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Joshua Bell's 'Voice of the Violin'

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Joshua Bell's 'Voice of the Violin'

Joshua Bell's 'Voice of the Violin'

Joshua Bell's 'Voice of the Violin'

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Tom Manoff reviews the CD by violinist Joshua Bell called Voice and Violin. He says the CD explores some famous pieces in classical music — like "Song to the Moon" from Dvorak and Rachmaninoff's "Vocalise" — that take on the lyrical play between fiddle and voice.

MELISSA BLOCK, Host:

This is ALL THINGS CONSIDERED from NPR News. I'm Melissa Block.

MICHELE NORRIS, Host:

And I'm Michele Norris.

Last night at Lincoln Center in New York City, violinist Joshua Bell claimed his $75,000 Avery Fisher Prize for classical music. Few doubt he earned it.

(SOUNDBITE OF MUSIC)

NORRIS: So you might ask yourself why a man with a two-CD compilation out called "The Essential Joshua Bell," a virtuoso who plays more than 200 international bookings per year, found himself playing for loose change at a subway stop.

(SOUNDBITE OF MUSIC)

NORRIS: Joshua Bell is with us now to answer that question. Joshua, why would you do this?

(SOUNDBITE OF LAUGHTER)

JOSHUA BELL: Why? Well, I guess it was - it wasn't my idea, first of all. It was the idea of Gene Weingarten, this wonderful journalist from the Washington Post who came to me and said listen, I got an idea. I want to do a little experiment, would you mind playing in the subway. It was an interesting experience, just for me, personally.

NORRIS: Now, there was a wonderful article that appeared over the weekend in the Washington Post Magazine. What did Gene think might happen when he basically presented this proposition?

BELL: He really wanted to see how people react to music when you're not expecting it, or when it's out of context. I think the experiment could have been done with a street musician. The fact that I have a certain amount of credibility on the concert stage just kind of emphasized the points that he was trying to make or find out about. But it was during rush hour, in a place where people don't expect to hear music. Most people just ignored it altogether. And then there were only in the course of 40 minutes, I think seven people that stopped, actually listened, and appreciate it.

NORRIS: I'm interested in, if I can't try into getting your head, for someone who's accustomed to standing ovations from audiences, from an outpouring of affection. What does it feel like to play beautiful music and essentially be ignored?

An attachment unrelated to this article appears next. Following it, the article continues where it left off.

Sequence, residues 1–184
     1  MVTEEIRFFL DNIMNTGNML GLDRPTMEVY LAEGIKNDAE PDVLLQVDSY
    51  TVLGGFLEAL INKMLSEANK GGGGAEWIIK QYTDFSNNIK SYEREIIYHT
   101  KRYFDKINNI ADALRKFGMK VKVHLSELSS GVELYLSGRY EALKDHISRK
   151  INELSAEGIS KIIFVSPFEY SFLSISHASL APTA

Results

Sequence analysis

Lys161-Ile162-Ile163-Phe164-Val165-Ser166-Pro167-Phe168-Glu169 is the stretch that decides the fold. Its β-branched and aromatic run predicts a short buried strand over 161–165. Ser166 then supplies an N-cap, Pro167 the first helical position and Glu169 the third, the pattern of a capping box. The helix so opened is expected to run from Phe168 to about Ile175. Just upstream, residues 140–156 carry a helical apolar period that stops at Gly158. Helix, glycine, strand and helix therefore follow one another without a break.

BELL: Well, these people were standing at least.

(SOUNDBITE OF LAUGHTER)

BELL: It was at least a walking ovation.

(SOUNDBITE OF LAUGHTER)

BELL: It is weird because I played the Bach "Chaconne" for instance. And getting to the end and then realizing that people are still bustling by and not even acknowledging that I just concluded really one of the great, for instance the Bach "Chaconne," the great works of art ever created.

NORRIS: So you get to the end of the "Chaconne" and you're standing there. And normally you probably pull your arms to the side, square your shoulders, look out on an audience that's smiling back at you. What did you do at the end of that performance?

BELL: I just had to concentrate on trying to figure out what I'm going to play next. And then I, you know I started to really appreciate any sort of glance, or dollar, or a couple, you know, a comment here and there. I started to really appreciate anybody who's willing to listen. And it's just funny how my perspective changed. I would certainly, now, when I pass a street musician, I'll be even more sensitive than I was before.

NORRIS: Now this was a Friday morning just before 8:00 AM back in January. It was still cold here in Washington. Was it difficult to play in those conditions?

(SOUNDBITE OF LAUGHTER)

BELL: It was - well it was sort of an enclosed area and it wasn't too cold and I was wearing a baseball cap.

NORRIS: Ah, that's why people didn't recognize you.

BELL: Yeah, sure.

(SOUNDBITE OF LAUGHTER)

BELL: I'd like to think of it that way. Yeah, sure. Because they know I'm a Mets fan a...

NORRIS: And it was a Nationals cap, yeah.

BELL: And it was a Nationals cap, so how could they possibly recognize me. But finally, at the end, there was one girl that recognized me. She was kind of scratching her head because she had seen me perform at the Kennedy Center just a few weeks earlier and couldn't quite understand why I would be doing that, and she dropped $20 in which, I don't think he - Weingarten included in his total, in the $39 which he attributed to me.

I was kind of disappointed he didn't say $59. I think I earned $59 in 40 minutes, which I didn't think was all that bad actually.

NORRIS: Joshua? What did you do with that $59 that you earned?

(SOUNDBITE OF LAUGHTER)

NORRIS: How did you spend it?

BELL: I actually gave it to the - there was a girl that had lent me the violin - the violin case that I was using for the - to have the money dropped in. And she's a violinist herself. And I said she could keep it. So I don't know what she did with it.

NORRIS: Joshua Bell, thanks for talking to us. And by the way, congratulations on the Avery Fisher Prize.

BELL: That money I will - I will spend.

(SOUNDBITE OF LAUGHTER)

BELL: I haven't figured out where I'm going to spend it, but thank you very much for that.

NORRIS: That was Joshua Bell. His latest CD is called "The Essential Joshua Bell," and he just, yesterday, won the Avery Fisher Prize for outstanding achievement in classical music.

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